By Emma Lindley, HQN Associate

See the person, not their age. This was one of the key themes throughout the “supporting residents in supported housing” event that the Housing Management Network recently hosted and which I had the pleasure of chairing.

A brilliant line up of speakers took us through many parts of the vast world of supported housing and inevitably there was a focus on housing and support for older people. And I found myself asking: why do we designate some services based on a person’s age? With more and more people living until they are 100, do we need to rethink how we define ‘older people’?

A key driver of the event was a recent discussion at the network’s best practice group on the problems that arise in sheltered housing schemes, that are themselves entering old age, as it becomes more and more common that three generations with a range of lifestyles and support needs are living side by side.

We, of course, discussed the failures of national policy, the shortage of housing and funding and the changing needs and wants of our ageing population, but there was no shortage of examples and suggestions of how to develop housing options that work really well for mixed communities.

We heard from two of our speakers on how to embrace multi-generational living and design this into your portfolio of housing options, rather than focus on providing small flats for people to live in in isolation.

Valerie Billings kindly shared her personal experience of growing up in a multi-generational household and how she’s planning to return to this way of living. Valerie also shared research that demonstrated many others are considering, or would consider, doing the same, and, of course, we know that younger people are living with their family until a much older age. Valerie encouraged us all to embrace this as a housing option, to have homes available that can be used for larger families and to support residents to consider and plan for this way of living.

We also heard examples from Orbit of supported housing schemes where three generations of the same family live in the same development, each with the home and the support that meets their needs, each with their own space but with their family nearby. Orbit are seeing more and more people with learning disabilities moving into their extra care schemes, as a result of life expectancy improving for this group, but as older parents are no longer able to care for them. We again remind ourselves to see the person, not their age.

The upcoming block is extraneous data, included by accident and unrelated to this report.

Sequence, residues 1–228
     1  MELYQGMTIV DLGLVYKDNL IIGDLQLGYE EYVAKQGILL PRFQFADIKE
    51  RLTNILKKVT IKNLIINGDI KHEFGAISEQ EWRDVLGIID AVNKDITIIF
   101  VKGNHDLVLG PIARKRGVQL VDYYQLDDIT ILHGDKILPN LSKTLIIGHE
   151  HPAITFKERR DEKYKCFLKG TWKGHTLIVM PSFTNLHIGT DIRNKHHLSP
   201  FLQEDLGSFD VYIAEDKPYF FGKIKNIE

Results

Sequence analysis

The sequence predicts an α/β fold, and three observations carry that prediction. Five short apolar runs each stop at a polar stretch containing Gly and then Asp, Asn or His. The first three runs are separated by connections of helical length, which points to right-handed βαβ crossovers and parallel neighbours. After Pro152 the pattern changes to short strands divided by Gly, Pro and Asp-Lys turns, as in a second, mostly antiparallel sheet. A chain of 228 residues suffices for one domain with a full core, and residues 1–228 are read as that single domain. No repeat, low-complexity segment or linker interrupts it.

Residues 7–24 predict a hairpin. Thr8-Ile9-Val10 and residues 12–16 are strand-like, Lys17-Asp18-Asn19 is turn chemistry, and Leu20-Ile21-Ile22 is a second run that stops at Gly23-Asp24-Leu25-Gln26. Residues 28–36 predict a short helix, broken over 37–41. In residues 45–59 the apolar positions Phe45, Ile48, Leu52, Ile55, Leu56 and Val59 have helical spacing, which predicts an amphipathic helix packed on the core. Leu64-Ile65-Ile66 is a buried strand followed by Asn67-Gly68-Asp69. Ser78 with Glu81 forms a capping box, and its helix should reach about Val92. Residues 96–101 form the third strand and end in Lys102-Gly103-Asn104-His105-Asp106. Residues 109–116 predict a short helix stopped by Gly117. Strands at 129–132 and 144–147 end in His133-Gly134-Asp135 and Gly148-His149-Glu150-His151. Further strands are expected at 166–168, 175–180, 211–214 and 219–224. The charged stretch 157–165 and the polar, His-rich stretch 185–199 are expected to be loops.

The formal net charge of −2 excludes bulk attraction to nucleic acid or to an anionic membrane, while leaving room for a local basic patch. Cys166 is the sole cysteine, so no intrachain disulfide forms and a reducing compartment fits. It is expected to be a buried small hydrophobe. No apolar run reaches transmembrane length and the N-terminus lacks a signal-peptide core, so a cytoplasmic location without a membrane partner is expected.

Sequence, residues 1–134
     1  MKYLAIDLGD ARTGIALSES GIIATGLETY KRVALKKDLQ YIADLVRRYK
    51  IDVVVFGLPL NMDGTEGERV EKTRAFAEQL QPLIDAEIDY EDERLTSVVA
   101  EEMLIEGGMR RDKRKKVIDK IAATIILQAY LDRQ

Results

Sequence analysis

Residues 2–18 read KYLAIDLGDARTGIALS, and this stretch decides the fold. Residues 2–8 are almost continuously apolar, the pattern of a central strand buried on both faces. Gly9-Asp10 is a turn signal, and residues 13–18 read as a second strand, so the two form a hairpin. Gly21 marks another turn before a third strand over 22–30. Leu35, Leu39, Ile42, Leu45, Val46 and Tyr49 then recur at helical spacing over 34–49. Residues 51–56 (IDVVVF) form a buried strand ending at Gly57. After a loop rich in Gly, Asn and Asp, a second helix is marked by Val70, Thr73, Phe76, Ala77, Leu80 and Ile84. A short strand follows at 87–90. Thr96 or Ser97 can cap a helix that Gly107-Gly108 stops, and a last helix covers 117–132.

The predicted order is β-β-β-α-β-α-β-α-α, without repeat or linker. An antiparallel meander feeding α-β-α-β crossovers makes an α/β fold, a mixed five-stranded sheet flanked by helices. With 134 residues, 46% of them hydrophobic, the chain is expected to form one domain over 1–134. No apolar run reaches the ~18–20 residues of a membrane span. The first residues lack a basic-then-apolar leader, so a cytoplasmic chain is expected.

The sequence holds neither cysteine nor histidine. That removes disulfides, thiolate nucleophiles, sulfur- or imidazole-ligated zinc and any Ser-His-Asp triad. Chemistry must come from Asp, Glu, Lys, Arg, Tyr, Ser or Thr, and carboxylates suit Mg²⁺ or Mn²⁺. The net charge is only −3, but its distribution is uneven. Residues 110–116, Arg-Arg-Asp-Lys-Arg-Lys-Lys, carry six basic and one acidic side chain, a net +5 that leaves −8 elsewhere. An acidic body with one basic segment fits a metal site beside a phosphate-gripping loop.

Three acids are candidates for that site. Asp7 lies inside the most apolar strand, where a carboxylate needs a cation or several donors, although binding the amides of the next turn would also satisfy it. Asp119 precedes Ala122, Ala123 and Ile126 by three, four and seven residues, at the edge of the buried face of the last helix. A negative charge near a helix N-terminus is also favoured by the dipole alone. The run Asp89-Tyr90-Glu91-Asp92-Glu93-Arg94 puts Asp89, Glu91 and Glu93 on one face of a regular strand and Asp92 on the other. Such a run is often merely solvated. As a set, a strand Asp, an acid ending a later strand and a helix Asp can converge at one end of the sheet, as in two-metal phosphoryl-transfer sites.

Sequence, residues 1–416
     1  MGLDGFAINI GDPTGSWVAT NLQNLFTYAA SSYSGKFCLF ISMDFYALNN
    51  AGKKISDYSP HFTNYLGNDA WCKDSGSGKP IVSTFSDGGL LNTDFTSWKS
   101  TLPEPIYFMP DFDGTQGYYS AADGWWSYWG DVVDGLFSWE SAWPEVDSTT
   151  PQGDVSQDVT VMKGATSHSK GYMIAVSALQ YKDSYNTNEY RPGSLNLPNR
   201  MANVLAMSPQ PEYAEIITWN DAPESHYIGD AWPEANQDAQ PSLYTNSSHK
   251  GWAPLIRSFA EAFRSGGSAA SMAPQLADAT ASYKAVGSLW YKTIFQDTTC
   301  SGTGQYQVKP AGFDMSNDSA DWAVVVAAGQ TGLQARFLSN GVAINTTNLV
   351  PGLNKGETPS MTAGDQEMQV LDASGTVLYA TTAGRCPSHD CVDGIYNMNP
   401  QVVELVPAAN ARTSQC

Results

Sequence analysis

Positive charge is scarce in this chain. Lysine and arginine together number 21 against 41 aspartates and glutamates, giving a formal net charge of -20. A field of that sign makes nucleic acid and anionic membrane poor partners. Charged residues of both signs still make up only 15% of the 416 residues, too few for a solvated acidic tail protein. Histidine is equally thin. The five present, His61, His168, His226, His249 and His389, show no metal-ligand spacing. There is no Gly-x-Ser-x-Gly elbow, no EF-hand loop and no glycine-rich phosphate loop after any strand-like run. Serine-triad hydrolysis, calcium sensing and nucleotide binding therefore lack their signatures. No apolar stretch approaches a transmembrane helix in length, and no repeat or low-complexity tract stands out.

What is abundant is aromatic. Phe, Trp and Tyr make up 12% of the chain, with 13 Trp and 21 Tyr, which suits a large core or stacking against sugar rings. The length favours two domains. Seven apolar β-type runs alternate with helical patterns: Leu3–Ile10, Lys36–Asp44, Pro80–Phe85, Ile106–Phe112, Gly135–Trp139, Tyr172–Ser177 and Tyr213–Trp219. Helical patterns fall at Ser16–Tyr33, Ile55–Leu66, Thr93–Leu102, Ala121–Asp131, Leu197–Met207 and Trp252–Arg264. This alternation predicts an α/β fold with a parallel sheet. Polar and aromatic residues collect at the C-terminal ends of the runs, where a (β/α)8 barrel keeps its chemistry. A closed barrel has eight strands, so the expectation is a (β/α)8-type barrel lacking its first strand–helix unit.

And we continued to remind ourselves of this as we discussed work in Greater Manchester to provide housing and support for those who have been rough sleeping, whose average life expectancy is nowhere near 100.

Despite the range of topics that our speakers were covering, all nine of them highlighted a core message that we must speak to our residents to understand how they want to live now and in the future, to ensure we have housing options to meet their individual aspirations and that we assist them to plan and navigate these options. Not all our residents have access to, or are confident using the internet; most people don’t know what extra care or supported housing is; and only a few of us are planning ahead for the last home we want to live in.

The event ended with a mini-masterclass in preventing and tackling cuckooing and the question I found myself asking at the end of the day was how many issues like cuckooing and ASB are a result of a mismatch between the housing and support offered and what the resident actually needs? How many problems do we create by putting square pegs in round holes? Let’s all commit to see the person, to listen to them and to ensure there are great housing options available to them.